perl as gawk one liner

Is it possible to write the following gawk statement in a one liner perl? The system I am on does not have gawk.

gawk 'FNR==NR{a[$1]=$2;next}{print $0,a[$0]?a[$0]:"NA"}' file1 file2

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File1:
host1 1.1.1.1
host2 1.1.1.2
host3 1.1.1.3
host4 1.1.1.4

File2:
host1
host3

Expected output:
host1 1.1.1.1
host3 1.1.1.3
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MazdajaiAsked:
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ozoCommented:
perl -alne '@ARGV?($a{$F[0]}=$_):print $a{$F[0]}||"$_ NA"' file1 file2
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MazdajaiAuthor Commented:
Can you explain the use of || here?

 I tried to convert with a2p and is totally different.

#!/usr/bin/perl
eval 'exec /usr/bin/perl -S $0 ${1+"$@"}'
    if $running_under_some_shell;
			# this emulates #! processing on NIH machines.
			# (remove #! line above if indigestible)

eval '$'.$1.'$2;' while $ARGV[0] =~ /^([A-Za-z_0-9]+=)(.*)/ && shift;
			# process any FOO=bar switches

$, = ' ';		# set output field separator
$\ = "\n";		# set output record separator

line: while (<>) {
    chomp;	# strip record separator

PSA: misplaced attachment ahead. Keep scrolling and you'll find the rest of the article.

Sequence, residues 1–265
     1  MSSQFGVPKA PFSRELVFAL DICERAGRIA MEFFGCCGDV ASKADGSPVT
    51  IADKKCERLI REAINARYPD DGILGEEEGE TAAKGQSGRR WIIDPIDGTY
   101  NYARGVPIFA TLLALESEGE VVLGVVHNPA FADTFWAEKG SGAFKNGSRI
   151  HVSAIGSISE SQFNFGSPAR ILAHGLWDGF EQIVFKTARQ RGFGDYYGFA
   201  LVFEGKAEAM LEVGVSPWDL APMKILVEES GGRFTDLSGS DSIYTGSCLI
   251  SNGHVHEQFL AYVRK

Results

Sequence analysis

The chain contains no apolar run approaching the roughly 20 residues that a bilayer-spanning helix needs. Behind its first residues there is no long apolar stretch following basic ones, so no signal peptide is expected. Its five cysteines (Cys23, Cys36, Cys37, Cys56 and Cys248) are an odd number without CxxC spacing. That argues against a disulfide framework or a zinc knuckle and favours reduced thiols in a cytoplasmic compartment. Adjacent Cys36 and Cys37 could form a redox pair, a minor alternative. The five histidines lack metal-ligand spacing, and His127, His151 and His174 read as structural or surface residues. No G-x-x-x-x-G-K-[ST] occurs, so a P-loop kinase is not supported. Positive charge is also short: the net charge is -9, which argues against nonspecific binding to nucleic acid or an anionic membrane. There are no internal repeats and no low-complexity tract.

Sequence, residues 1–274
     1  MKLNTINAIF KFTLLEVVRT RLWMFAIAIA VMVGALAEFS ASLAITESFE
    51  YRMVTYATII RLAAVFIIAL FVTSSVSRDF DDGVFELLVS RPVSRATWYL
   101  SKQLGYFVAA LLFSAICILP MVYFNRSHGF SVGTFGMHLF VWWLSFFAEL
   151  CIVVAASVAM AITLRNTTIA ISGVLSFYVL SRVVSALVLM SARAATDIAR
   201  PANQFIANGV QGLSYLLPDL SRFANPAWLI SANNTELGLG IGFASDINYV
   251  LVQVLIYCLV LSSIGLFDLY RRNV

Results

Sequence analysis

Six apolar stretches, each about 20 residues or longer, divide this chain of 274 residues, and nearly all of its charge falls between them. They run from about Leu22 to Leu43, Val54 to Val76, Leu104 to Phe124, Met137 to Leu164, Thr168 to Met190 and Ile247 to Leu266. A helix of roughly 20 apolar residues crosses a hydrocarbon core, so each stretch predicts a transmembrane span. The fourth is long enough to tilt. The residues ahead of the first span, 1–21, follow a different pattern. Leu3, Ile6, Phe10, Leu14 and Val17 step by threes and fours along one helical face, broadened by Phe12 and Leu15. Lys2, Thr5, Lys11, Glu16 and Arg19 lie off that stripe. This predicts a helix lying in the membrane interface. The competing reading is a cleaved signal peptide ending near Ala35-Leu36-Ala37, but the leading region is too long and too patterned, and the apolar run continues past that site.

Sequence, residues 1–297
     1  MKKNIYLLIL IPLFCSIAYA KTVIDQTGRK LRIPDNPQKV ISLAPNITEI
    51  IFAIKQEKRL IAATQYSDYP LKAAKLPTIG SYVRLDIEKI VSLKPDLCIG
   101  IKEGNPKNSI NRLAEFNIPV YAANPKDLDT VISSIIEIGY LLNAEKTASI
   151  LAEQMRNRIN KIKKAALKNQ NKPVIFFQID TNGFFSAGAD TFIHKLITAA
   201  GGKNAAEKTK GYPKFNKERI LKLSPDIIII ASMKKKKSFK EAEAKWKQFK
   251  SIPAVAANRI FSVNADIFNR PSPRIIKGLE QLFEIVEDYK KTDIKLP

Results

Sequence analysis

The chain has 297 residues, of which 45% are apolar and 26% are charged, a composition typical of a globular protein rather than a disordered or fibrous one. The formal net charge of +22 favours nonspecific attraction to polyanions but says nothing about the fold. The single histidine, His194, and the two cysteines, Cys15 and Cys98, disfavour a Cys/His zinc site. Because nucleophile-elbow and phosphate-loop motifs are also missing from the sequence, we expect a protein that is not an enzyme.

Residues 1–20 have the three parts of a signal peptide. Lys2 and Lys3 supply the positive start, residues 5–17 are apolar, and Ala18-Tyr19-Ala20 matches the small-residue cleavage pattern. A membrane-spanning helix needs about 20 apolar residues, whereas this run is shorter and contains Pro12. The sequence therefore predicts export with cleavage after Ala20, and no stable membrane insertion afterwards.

@Fld = split(' ', $_, -1);
    if (($.-$FNRbase) == $.) {
	$a{$Fld[(1)-1]} = $Fld[(2)-1];
	next line;
    }
    print $_, $a{$_} ? $a{$_} : 'NA';
}
continue {
    $FNRbase = $. if eof;
}

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ozoCommented:
I did change the behaviour slightly in making it a one liner, but it should only make a difference if you have a different number of files, or a different number of fields on a line.
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ozoCommented:
$a{$_} ? $a{$_} : 'NA'
might also be written as
 $a{$_} || 'NA'
but
$a{$_} ? $a{$_} : 'NA'
is a more literal translation of
a[$0]?a[$0]:"NA"
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ozoCommented:
This should more faithfully reproduce the behaviour of the original awk command in the case where you have a different number of files or a different number of fields
perl -alne 'if(eof..0){print "$_ ",$a{$_}||"NA"}else{$a{$F[0]}=$F[1]}'
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ozoCommented:
If you have a2p, you could create a literally equivalent one liner just by jamming everything into one command line, but I interpreted one liner to be a request to do it in a single perl statement.

the purpose of the
continue {
    $FNRbase = $. if eof;
}
was to allow perl to keep track of the difference between awk's NR and FNR
but the only thing the awk script used NR and FNR for was to distinguish between file1 and file2
http:#a39548377 used @ARGV for that purpose, since it was simpler, but that only gives an equivalent answer when you start with exactly two files.
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MazdajaiAuthor Commented:
Yes I would like a single perl statement, but a2p seems to be over killing.

The first one is a clean, short form but I have a hard time interpreting it. The second one is longer but I found easier to understand.

perl -alne 'if(eof..0){print "$_ ",$a{$_}||"NA"}else{$a{$F[0]}=$F[1]}' 

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Going to need some time to learn the shorter form, tyvm!
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